The Coagulation and Thrombosis Service at Rush evaluates patients with bleeding and thrombotic disorders. Patients are carefully evaluated with a history and physical and then with the appropriate test to evaluate hypercoagulability (increased tendency to develop a blood clot) or bleeding disorders.
Rush hematologists also consult with clinicians who manage patients with hemorrhagic and thrombotic disorders. In contemporary medicine, many subspecialists are increasingly confronted with the need to understand the hemostatic system (the system that controls blood clotting or coagulation) when working with patients who have a range of bleeding and thrombotic disorders. This includes hemophilia, von Willebrand’s disease and other clotting factor deficiencies, factor inhibitors, qualitative and quantitative platelet disorders such as ITP and TTP, and functional platelet defects. The underlying causes of arterial and venous thrombosis are thoroughly evaluated. Available treatment modalities are applied, including anticoagulation with heparins or Coumadin and, when indicated, with newer agents such as thrombolytics (clot-dissolving drugs) and specific thrombin inhibitors.
The Anticoagulation Clinic is open Monday through Friday. Patients from different subspecialities may be referred for a one-time consultation. The clinic also provides care for patients who need long-term anticoagulation treatment. The information below covers some of the disorders treated by physicians in the coagulation and thrombosis service.
The hemophilias are a group of rare genetic bleeding disorders caused by a deficiency of certain blood clotting factors. These factors are needed to stop bleeding after a cut or injury and to prevent spontaneous bleeding. A person with hemophilia does not have enough clotting factor in the blood and often needs some form of intermittent treatment to prevent severe blood loss and stop internal bleeding. Hemophilia A and B mostly affect men. A woman may be a carrier of the gene that causes hemophilia but will usually not have any signs and symptoms of the disease. If a woman who is a carrier is affected by hemophilia, symptoms are usually mild. Hemophilia can affect people of any race. There are two major types of hemophilia: Hemophilia-A (classical hemophilia), caused by a deficiency of active clotting factor VIII, and Hemophilia-B (Christmas disease), caused by a deficiency of clotting factor IX. Approximately 80 percent of all the people with hemophilia have type A, and most of these cases are severe.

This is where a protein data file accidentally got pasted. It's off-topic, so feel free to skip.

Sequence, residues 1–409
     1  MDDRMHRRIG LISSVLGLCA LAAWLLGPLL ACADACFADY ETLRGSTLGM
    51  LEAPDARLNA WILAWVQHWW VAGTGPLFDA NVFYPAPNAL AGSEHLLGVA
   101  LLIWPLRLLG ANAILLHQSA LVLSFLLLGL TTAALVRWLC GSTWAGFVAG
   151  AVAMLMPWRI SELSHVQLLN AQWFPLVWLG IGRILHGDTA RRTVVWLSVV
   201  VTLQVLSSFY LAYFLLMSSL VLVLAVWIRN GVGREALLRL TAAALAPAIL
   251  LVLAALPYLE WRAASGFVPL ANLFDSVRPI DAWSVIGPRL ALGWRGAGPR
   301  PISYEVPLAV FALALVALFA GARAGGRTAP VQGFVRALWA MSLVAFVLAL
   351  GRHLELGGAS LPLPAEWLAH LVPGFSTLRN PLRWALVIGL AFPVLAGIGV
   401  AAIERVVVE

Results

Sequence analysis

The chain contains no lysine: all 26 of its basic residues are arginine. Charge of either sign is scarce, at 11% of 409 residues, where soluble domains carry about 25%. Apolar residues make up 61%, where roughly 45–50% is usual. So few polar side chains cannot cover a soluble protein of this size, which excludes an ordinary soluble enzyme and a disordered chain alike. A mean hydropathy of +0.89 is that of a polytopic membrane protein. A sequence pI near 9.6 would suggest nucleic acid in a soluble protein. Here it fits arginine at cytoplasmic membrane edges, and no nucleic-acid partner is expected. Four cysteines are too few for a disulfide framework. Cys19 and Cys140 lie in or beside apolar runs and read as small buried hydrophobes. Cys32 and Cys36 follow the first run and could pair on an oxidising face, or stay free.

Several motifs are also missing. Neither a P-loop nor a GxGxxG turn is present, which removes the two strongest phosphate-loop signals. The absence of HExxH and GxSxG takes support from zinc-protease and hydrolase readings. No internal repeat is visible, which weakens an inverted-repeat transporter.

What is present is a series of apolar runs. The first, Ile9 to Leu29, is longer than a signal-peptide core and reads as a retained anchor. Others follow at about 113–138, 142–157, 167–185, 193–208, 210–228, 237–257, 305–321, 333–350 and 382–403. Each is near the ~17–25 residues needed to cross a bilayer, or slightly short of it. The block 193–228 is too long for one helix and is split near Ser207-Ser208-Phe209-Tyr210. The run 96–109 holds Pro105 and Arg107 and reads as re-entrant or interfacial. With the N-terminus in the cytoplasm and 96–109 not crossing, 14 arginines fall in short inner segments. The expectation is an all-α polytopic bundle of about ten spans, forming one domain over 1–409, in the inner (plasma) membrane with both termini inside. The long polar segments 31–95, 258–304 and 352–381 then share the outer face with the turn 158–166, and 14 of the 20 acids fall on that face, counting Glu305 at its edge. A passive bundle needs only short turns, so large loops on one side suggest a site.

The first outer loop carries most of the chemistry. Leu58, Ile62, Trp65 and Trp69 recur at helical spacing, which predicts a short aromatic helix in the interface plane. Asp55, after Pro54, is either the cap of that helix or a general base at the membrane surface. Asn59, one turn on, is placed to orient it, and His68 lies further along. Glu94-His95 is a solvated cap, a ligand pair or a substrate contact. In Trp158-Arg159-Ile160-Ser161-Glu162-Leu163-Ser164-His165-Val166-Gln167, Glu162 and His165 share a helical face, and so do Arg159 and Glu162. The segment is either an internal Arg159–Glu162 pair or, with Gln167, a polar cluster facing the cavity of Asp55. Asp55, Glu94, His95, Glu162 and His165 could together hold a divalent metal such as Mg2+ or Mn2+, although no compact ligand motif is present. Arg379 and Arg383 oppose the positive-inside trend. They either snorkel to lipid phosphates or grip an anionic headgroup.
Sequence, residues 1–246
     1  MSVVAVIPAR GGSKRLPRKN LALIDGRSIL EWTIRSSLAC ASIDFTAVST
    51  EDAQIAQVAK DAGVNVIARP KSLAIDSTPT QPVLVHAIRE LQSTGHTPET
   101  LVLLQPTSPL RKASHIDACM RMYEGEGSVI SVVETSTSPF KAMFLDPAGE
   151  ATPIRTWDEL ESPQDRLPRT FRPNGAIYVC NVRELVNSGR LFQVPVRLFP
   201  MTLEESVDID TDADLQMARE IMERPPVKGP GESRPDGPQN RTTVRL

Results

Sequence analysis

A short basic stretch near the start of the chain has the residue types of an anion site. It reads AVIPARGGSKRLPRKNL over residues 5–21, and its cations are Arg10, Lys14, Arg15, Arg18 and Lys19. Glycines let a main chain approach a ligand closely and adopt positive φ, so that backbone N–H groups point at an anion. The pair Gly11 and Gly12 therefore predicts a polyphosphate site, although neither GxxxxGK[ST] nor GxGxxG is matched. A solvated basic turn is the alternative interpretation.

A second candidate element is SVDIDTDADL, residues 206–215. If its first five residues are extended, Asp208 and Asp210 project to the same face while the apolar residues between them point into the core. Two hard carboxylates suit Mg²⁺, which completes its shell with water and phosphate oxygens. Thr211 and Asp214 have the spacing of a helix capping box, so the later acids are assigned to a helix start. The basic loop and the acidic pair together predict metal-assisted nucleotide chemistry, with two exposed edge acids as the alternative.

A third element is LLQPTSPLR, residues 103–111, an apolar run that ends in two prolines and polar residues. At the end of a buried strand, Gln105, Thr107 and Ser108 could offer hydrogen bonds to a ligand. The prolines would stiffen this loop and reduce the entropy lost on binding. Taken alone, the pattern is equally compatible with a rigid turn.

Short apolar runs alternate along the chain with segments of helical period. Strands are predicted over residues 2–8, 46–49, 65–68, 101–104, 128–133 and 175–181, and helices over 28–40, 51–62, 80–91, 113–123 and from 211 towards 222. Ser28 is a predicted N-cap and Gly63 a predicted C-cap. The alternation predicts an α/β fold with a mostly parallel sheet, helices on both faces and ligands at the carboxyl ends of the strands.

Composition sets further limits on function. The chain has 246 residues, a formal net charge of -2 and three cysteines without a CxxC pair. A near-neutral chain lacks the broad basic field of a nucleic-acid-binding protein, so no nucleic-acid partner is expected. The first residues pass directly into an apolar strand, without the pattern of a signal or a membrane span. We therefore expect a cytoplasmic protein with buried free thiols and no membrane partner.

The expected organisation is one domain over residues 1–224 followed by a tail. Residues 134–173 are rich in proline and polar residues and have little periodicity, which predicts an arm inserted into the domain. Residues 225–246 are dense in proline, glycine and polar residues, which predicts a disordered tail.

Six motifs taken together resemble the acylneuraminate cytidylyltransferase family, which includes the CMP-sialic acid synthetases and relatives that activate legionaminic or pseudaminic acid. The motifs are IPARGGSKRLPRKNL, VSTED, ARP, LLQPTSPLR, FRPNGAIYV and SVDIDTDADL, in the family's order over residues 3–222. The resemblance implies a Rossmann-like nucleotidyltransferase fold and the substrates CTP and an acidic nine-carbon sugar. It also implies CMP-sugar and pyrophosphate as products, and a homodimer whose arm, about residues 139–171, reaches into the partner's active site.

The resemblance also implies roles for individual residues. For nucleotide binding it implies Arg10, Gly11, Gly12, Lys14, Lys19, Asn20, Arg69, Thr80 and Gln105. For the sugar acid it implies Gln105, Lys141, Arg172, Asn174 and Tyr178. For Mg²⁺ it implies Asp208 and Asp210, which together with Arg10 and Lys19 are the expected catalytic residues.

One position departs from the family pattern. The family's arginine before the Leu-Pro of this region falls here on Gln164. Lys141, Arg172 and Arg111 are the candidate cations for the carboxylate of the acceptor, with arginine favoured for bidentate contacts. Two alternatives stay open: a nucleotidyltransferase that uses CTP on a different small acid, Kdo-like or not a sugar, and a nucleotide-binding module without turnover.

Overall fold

One out of every 10,000 male babies is born with hemophilia. Hemophilia-B occurs less frequently; one out every 25,000 to 30,000 male babies is born with this disease. Both types of hemophilia are treated by infusion of the deficient or abnormal clotting factor to prevent severe blood loss and complications from blood loss. In severe forms of hemophilia, clotting factors may be infused on a regularly scheduled basis (prophylaxis) to prevent bleeding. In less severe forms of hemophilia, clotting factors are replaced on demand when bleeding starts, such as after an injury, or when bleeding is expected, such as before surgery. The symptoms of hemophilia-A may worsen over time as the body develops antibodies against factor VIII, preventing even transfused factor VIII from functioning.
The Coagulation and Thrombosis Unit serves as the adult arm of the comprehensive hemophilia center of Rush Children’s Hospital, which offers access to physical therapy, orthopedic surgery and dentistry in a coordinated matter for both children and adults.
Von Willebrand’s Disease
Von Willebrand’s disease is the most common inherited bleeding disorder; men and women are equally likely to have it. In some instances, this disorder may be acquired. The von Willebrand factor has two functions—interaction with platelets to initiate clot formation and stabilization of clotting factor VIII. A person with this disease has a deficiency or malfunctioning von Willebrand factor and may experience excessive bleeding from mucosal surfaces (for example lining of the mouth and intestines) after minor injuries or surgery. There are three major types of von Willebrand’s disease: type 1, characterized by a shortage of von Willebrand factor (vWF); type 2, characterized by poorly functioning von Willebrand factor, and type 3, marked by a complete lack of von Willebrand factor. Type 3 is very rare and is the most severe form. The person who has von Willebrand’s disease will need an accurate diagnosis for treatment of bleeding episodes throughout his or her life. Treatment may consist of medications to help increase the production or release of von Willebrand factor (desmopressin), clotting factor replacement such as with cryoprecipitate, use of antifibrinolytic agents that prevent breakdown of blood clots, hormone therapy to control heavy menstrual periods and use of topical medication (fibrin glue).
Idiopathic Thrombocytopenic Purpura (ITP)
Thrombocytopenias are conditions characterized by a reduction in the number of small particles in the blood (platelets) that initiate coagulation. The disorder is characterized by abnormal bleeding into the skin and mucous membranes and may subsequently result in anemia. Idiopathic thrombocytopenic purpura (ITP) is an autoimmune disease that causes the body to view the platelets as foreign and then destroy them with antibodies. This destruction and removal results in reduced numbers of platelets in the blood. Luckily, the body needs relatively few platelets to clot effectively. The number of platelets left circulating in the blood varies from person to person. Women develop this problem more frequently than men do. As with the other autoimmune problems, the cause of ITP is unknown. There several different types of treatments, including steroids, infusion of immune globulins (IVIG or anti-D), splenectomy (removal of the spleen), certain chemotherapeutic drugs and antibodies against lymphocytes (rituximab).